Import rtf, doc, docx files as aliases

Like the “Import Research Files As Aliases” feature but for some reason it doesn’t work with rtf, doc and docx files. This seems odd – a research file can be sent or downloaded or created in any format, after all.

My wish would be for completely unlimited aliasing here – no file types grayed out.

Excelsior,

David

Setting aside that the main point of this feature is to keep the project slim and easy to back up, and word processor files are fairly slim already (so why not just import them)—they would have to be uneditable, for one thing Scrivener isn’t a .doc/x editor, it imports and converts everything to RTF. But that aside, there would be numerous problems with allowing edits to even RTF files. That might be fine for research, but it would just be an unending tide of people asking for editable aliased word processor formats, confusion over why some text items don’t “work”, et cetera.

If uneditable is fine, and you just need the text as a reference, convert the document to PDF and import it as an alias.

Well, for me there’s another attraction to alias import. It’s not just that it keeps the project small. It’s also that it prevents confusing duplication, as in “is this the pdf in scrivener or the pdf in Devonthink or the pdf in Downloads?” Maybe though I’m the only Scrivener user who has ever opened up a marked-up pdf in a project and found it bare of notes – because hours before I didn’t notice that I was marking up on Arglebfff.1988.pdf instead of Scriv’s 97.pdf

So what I use aliases for is to keep track of everything relevant to the project, even if I am sometimes forced to leave Scrivener and open some file in a different app. I don’t want to import a .doc file and then have a version in Scrivener that differs from the external file (for example, not showing 'Track Changes" if it is a collaborative doc. I want to be able to see in Scrivener, because it is part of the project, but open it in NeoOffice or Word. This is analogous to using Preview or Skim with pdfs.

Agree that doc, rtf and docx would have to be non-editable, but why is that such a problem? The same is true now of the pdf format. You read it in Scriv, if you want to mark it up you click on the open externally button. No fuss, no muss.

Stopping to make a pdf is a cumbersome extra step, which doesn’t seem to me to fit the logic of ‘import as alias.’ Why on earth should it matter what format the research material came in?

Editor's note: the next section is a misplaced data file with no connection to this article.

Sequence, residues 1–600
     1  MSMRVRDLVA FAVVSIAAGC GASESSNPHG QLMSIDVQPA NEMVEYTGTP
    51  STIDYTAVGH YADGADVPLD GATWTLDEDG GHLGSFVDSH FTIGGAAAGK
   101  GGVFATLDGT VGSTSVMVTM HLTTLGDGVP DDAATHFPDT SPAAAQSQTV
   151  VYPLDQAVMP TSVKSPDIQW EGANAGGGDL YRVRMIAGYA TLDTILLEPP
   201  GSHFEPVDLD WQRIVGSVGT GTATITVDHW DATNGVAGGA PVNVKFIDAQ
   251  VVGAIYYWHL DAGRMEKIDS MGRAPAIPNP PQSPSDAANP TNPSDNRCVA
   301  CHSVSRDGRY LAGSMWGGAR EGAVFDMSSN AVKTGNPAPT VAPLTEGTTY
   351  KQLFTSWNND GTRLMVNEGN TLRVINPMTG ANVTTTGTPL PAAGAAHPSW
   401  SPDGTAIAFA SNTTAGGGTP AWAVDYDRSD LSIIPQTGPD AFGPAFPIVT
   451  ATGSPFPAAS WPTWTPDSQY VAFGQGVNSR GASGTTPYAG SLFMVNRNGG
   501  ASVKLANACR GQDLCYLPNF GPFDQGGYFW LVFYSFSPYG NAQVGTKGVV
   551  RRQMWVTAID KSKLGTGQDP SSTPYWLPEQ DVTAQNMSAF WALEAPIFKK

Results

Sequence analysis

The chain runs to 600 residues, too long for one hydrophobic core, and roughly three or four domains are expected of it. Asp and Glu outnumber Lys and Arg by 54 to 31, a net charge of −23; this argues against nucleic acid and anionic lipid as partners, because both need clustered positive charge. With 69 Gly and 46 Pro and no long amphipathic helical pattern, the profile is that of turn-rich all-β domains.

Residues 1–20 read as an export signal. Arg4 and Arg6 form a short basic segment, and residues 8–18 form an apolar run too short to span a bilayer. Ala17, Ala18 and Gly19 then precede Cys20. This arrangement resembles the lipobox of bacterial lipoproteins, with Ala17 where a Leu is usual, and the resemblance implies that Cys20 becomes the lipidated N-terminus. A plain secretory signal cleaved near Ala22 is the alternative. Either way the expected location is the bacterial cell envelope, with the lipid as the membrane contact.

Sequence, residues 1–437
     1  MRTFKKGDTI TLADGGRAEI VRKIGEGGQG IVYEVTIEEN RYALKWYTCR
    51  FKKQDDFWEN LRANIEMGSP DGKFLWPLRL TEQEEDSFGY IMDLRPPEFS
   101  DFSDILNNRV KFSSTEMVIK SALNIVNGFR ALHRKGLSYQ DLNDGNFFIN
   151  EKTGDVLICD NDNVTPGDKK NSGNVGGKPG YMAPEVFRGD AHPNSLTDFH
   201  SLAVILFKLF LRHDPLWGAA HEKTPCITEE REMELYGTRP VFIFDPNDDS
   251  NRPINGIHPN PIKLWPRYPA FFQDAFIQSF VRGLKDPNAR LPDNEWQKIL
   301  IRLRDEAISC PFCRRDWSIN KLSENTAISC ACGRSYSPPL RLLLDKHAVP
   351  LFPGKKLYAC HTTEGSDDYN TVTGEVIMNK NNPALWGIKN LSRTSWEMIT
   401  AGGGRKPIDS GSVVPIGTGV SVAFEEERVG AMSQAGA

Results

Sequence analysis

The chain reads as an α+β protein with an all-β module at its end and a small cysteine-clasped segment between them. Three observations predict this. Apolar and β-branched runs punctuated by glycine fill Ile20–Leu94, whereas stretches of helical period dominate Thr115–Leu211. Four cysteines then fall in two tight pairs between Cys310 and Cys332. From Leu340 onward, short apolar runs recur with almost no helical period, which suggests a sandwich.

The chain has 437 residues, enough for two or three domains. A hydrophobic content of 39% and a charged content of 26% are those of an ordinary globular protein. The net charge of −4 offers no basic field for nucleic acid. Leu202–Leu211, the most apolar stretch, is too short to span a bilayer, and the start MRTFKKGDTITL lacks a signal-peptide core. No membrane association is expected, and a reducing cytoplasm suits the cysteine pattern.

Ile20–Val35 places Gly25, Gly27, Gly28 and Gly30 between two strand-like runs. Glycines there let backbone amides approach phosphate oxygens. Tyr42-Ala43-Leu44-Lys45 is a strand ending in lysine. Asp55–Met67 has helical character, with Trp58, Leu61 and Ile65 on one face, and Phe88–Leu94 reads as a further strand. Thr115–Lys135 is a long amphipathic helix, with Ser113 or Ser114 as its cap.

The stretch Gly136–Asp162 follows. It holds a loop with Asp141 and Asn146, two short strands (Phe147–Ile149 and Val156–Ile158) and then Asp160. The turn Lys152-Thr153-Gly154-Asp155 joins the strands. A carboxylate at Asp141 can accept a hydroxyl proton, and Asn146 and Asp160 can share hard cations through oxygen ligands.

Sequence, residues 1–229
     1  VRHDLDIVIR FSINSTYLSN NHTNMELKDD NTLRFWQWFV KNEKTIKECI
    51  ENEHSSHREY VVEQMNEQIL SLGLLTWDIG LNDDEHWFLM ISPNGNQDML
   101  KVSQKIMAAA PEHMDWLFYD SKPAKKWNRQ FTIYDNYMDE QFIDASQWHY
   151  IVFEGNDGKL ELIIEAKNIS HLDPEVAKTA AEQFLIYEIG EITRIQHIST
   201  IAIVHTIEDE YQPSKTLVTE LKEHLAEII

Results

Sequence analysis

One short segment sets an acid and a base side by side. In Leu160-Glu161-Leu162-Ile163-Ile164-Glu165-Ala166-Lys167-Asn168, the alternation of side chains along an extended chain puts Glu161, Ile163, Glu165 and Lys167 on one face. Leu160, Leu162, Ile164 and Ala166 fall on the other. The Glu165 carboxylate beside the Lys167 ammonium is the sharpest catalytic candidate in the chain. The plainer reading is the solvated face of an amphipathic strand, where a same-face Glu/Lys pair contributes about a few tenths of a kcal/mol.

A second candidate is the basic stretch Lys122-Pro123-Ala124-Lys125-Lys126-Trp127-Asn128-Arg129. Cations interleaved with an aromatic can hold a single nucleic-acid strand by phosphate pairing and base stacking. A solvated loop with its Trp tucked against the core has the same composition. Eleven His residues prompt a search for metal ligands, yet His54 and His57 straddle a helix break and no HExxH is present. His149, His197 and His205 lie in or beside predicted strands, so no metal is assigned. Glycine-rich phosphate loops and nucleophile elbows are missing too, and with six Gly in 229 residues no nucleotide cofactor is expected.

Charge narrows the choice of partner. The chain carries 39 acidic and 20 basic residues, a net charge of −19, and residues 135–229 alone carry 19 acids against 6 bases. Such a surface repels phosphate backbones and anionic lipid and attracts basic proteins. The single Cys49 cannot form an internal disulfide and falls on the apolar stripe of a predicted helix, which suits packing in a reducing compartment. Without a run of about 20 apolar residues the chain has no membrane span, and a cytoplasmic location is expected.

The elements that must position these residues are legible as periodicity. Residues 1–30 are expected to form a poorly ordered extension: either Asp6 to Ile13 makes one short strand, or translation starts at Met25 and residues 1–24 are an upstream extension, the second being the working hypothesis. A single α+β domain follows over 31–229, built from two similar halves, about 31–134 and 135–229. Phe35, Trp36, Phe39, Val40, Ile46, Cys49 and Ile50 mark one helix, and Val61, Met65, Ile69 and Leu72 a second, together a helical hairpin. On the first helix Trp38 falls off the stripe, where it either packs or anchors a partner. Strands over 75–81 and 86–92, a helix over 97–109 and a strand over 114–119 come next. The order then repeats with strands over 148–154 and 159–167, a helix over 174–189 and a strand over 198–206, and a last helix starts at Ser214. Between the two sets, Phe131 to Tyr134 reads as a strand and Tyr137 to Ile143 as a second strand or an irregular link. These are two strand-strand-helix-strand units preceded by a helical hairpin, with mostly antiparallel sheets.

David

You can create an alias of the text document outside of Scrivener via Finder and then import the alias; that works all right and is a bit simpler than creating the PDF. It also works as a real alias, then, so if you update the original document you’ll see the change reflected when you view it in Scrivener without having to create a new file to import, etc.

Once again, the Mouton to the rescue! That’s a great idea. Thanks.

David

Hi,

let me revive that wish again:

Well, I see this works but this still does not feel like the right solution. I would really, really like this true solution, allowing an import as “Research Files as Aaliases …” of Word files in Scrivener directly. When I first need to create an alias in the Finder and then import the alias in Scrivener, I still need to keep additional aliases side by side with my external Word documents. This is actually why I use Scrivener: to get rid of the need to keep such Aliases manually and externally! But since Scrivener actually can handle Word file viewing (via the way MimeticMouton describes, and we are not talking editing here!) and then shows the options to open/edit the file in Word directly (in the status bar below the file), why not give this functionality directly to the Scrivener user, instead of hiding it away?

Regards, Torsten

Hi,

Sorry, but this is really outside the scope of Scrivener. Scrivener is intended for writing documents and compiling to a longer document; although you can use it for research and opening documents in other editors, that’s not really its primary intention. The idea is that text is brought into the project for editing - otherwise, you are probably better off using a research management program or database.

There’s no need to keep those original aliases, though - once you’ve imported them you can delete them from the Finder.

All the best,
Keith

Thanks for the answer, Keith.

Of course, the primary intention of Scrivener is to help writing texts and this is what I use it for. I just thought that the research folder was meant to store background material. But maybe I am misunderstanding something here. In my case this background material is often Word files, that I do not want to edit but which I want to have easy and quick access to (and I am too lazy to convert them to PDFs before, which I actually should do in this case …). Therefore, the alias solution is quite nice. The only drawback is that I need to keep the external file with me when changing computers and that is what I do regularly, working on a laptop and desktop. Therefore I liked the idea of keeping the file imported, not aliased.

Well, I love working with Scrivener also without that option and the hint, that I can delete the alias afterwards, is a good one! Thanks for your continued effort on Scrivener.

Regards, Torsten